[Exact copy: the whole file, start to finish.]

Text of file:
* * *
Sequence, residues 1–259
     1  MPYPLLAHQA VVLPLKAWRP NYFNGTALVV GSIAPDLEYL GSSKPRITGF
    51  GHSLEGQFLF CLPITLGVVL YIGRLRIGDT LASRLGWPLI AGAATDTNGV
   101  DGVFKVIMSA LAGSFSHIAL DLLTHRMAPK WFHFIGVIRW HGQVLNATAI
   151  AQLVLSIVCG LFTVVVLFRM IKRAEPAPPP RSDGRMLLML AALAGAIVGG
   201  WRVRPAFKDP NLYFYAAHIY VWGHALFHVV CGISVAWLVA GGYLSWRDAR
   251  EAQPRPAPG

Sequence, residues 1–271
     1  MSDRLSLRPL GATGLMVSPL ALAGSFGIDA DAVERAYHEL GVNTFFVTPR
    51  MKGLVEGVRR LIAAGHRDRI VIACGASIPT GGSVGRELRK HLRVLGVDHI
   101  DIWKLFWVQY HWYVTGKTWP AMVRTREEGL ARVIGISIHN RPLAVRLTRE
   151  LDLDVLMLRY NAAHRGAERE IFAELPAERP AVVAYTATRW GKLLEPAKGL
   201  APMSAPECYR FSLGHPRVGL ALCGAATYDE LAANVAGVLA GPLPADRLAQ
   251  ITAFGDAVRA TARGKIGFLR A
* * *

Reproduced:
Sequence, residues 1–259
     1  MPYPLLAHQA VVLPLKAWRP NYFNGTALVV GSIAPDLEYL GSSKPRITGF
    51  GHSLEGQFLF CLPITLGVVL YIGRLRIGDT LASRLGWPLI AGAATDTNGV
   101  DGVFKVIMSA LAGSFSHIAL DLLTHRMAPK WFHFIGVIRW HGQVLNATAI
   151  AQLVLSIVCG LFTVVVLFRM IKRAEPAPPP RSDGRMLLML AALAGAIVGG
   201  WRVRPAFKDP NLYFYAAHIY VWGHALFHVV CGISVAWLVA GGYLSWRDAR
   251  EAQPRPAPG

Sequence, residues 1–271
     1  MSDRLSLRPL GATGLMVSPL ALAGSFGIDA DAVERAYHEL GVNTFFVTPR
    51  MKGLVEGVRR LIAAGHRDRI VIACGASIPT GGSVGRELRK HLRVLGVDHI
   101  DIWKLFWVQY HWYVTGKTWP AMVRTREEGL ARVIGISIHN RPLAVRLTRE
   151  LDLDVLMLRY NAAHRGAERE IFAELPAERP AVVAYTATRW GKLLEPAKGL
   201  APMSAPECYR FSLGHPRVGL ALCGAATYDE LAANVAGVLA GPLPADRLAQ
   251  ITAFGDAVRA TARGKIGFLR A